On International Migrants Day, research findings from refugee camps in Cameroon highlight the challenges of managing menstrual hygiene in humanitarian settings.
A recent field mission to refugee camps in Cameroon offers valuable insights about the challenges of Menstrual Hygiene Management (MHM) in humanitarian settings. The mission, undertaken within the framework of the WSSCC/UN Women Joint Programme on Gender, Hygiene and Sanitation, focused on three refugee camps that are home to some 38,000 men, women and children. The results reveal the difficulties women and young girls face in managing menstruation. Recommendations are offered for the improvement of sanitation and hygiene facilities in the camps.
The purpose of the mission was to identify the specific needs of women and girls, and to better understand perceptions of menstruation among the refugee community. It explored information needs, current practices and waste disposal in the context of the Joint Programme’s three pillar approach: addressing taboos, adequate MHM, and safe reuse and disposal solutions for menstrual hygiene products. The preliminary study assessed the state of existing toilet facilities in the camps and identified solutions for adequate management of menstrual hygiene and better integration of MHM in the context of a humanitarian response. Data collected will be used by Joint Programme partners to improve planning and accelerate policy and practices to support equity and the Human Rights to Water and Sanitation for women and girls in West and Central Africa.
Safety: a key issue for women and girls in the camps
Most latrines in the camps are not segregated and lack doors and locks to ensure privacy. At night there is no
lighting, further exacerbating the risks for their safety.
More toilets needed as well as better maintenance
With one latrine for every ten households, on average, there are often long queues and waiting times. In addition, the latrines are poorly maintained and designed, and lack the basic range of facilities required for safe menstrual hygiene management, such as private and segregated cubicles that can be locked and provide enough space to change, sufficient and reliable running water, soap and a clothes line for drying reusable sanitary pads. Facilities are even less suited to women and girls with disabilities. Participants in the preliminary study recommended separating toilets for males, females and children, increasing the number of toilets and renovating old facilities. They noted that responsibility for cleaning the toilets falls largely to the mothers and this responsibility should be more evenly shared. They also suggested the need to build toilets adapted specifically to the needs of disabled people, equipped with running water and located near their homes for ease of access.
Menstrual waste management: an overlooked issue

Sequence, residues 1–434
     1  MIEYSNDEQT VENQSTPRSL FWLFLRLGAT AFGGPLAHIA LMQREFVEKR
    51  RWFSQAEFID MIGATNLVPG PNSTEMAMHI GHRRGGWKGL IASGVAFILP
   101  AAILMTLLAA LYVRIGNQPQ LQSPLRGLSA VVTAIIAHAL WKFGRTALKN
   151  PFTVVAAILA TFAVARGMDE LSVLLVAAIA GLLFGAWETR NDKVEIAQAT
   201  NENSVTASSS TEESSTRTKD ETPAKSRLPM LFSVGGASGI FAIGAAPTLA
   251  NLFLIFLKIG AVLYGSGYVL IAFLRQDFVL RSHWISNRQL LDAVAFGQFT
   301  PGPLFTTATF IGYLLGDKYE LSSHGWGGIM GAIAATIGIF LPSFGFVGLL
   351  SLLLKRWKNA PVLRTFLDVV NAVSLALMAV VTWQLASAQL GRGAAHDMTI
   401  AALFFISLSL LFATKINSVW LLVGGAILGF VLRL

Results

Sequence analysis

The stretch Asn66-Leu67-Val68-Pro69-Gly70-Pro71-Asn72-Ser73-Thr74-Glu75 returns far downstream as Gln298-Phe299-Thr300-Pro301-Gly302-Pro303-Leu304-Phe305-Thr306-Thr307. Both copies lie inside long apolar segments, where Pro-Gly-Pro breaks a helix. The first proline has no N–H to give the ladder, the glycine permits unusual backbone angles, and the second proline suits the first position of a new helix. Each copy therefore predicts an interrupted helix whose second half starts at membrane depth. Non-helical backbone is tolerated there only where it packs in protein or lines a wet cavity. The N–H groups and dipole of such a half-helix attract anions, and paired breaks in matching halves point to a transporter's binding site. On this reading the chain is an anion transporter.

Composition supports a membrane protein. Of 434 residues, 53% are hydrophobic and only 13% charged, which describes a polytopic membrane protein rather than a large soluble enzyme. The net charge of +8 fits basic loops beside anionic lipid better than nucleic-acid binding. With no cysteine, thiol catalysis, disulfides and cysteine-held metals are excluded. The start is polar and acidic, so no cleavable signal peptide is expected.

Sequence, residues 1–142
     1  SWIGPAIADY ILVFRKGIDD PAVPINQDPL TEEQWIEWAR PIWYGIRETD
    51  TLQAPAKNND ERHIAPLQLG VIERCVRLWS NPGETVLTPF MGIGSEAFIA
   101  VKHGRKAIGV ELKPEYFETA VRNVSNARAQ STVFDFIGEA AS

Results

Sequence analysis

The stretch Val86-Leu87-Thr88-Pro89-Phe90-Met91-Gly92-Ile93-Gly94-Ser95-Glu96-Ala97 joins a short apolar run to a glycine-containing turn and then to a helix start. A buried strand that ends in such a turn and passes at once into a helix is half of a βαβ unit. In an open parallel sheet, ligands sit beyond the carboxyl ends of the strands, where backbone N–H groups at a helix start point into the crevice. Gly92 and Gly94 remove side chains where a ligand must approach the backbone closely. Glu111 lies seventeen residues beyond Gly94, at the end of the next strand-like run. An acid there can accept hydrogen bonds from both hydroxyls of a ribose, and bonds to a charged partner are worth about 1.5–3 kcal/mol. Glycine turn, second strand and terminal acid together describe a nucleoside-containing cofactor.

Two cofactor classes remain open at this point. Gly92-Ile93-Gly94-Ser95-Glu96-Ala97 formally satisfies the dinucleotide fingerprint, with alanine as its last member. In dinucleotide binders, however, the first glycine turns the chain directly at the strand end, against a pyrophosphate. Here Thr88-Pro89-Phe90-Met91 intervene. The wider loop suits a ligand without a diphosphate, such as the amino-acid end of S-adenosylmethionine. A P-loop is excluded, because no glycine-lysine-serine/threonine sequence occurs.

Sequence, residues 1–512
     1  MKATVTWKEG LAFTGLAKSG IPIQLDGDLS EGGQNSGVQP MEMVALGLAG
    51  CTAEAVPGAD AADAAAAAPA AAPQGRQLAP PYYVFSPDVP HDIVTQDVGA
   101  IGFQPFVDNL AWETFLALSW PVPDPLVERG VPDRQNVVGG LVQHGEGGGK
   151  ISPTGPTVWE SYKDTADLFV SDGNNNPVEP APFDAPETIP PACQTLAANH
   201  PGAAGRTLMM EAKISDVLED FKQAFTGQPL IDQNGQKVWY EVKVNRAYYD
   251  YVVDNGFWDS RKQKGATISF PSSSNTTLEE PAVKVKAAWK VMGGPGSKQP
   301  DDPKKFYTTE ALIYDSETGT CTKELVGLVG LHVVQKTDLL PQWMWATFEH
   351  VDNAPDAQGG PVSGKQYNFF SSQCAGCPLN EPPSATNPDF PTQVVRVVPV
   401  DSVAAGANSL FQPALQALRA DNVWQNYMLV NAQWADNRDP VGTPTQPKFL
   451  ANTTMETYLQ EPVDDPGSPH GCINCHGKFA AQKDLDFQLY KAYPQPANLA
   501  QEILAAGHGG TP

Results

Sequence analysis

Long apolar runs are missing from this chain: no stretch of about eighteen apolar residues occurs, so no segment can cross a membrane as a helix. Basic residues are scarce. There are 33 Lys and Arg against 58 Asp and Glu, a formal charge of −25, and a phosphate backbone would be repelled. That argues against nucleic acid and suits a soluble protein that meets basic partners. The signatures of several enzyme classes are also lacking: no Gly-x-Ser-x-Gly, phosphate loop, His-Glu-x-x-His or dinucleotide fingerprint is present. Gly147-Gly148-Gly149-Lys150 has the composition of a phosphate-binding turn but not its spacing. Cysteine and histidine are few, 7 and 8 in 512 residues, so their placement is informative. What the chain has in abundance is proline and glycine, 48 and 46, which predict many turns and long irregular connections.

Little attention is paid to the important subject of menstrual waste management or environmental concerns. There is no systematic approach to waste disposal of sanitary materials in the camps. Used materials are variably buried in small holes, thrown in the toilets/latrines and sometimes in the river, sometimes burned or placed in regular garbage bins, rubbish pits or discarded randomly in the bush. Both men and women in the camps feel that the lack of proper waste management has potential negative consequences for their health, although these sentiments may be hard to separate from underlying myths and taboos surrounding menstruation. During the preliminary study, camp management recommended the installation of a separate waste disposal system for used sanitary materials.
Women and men to be part of the solution
One of the key components of the study was the involvement of both men and women in the focus groups in recognition of prevailing societal norms and the broader influence of gender relations in MHM. In predominantly Muslem and patriarchal refugee communities, such as the camps in Cameroon, men and women have distinct roles and taboos and myths around menstruation often serve to create further barriers to women’s empowerment. Men accounted for 45% of the total of almost 300 people who took part in the study, a figure that acknowledges the central role they will play in implementing the recommendations. One male leader suggested ways to improve MHM: “Shops selling sanitary products; more water taps; ….separate toilets for men and women; waste bins; cleaning products in the toilets and strengthen the committees responsible for managing the toilets.” Women expressed their desire to make their own sanitary pads; an opportunity, they felt, that could bring multiple potential benefits, “This would be a chance to save money and also earn some money if we could sell them. It would help us look after ourselves, we would not have to always wait for the camp supplies and we would be sure to have them whenever the need arises.”
WSSCC’s Virginia Kamowa, writes how menstruation is associated with one of the most pervasive stigmas that holds back gender equality
WSSCC member Daniel Karanja argues that male inclusion is vital if we wish to normalize MHM
WSSCC will facilitate a regional Menstrual Hygiene Management (MHM) Training of Trainers (ToT) in Sri Lanka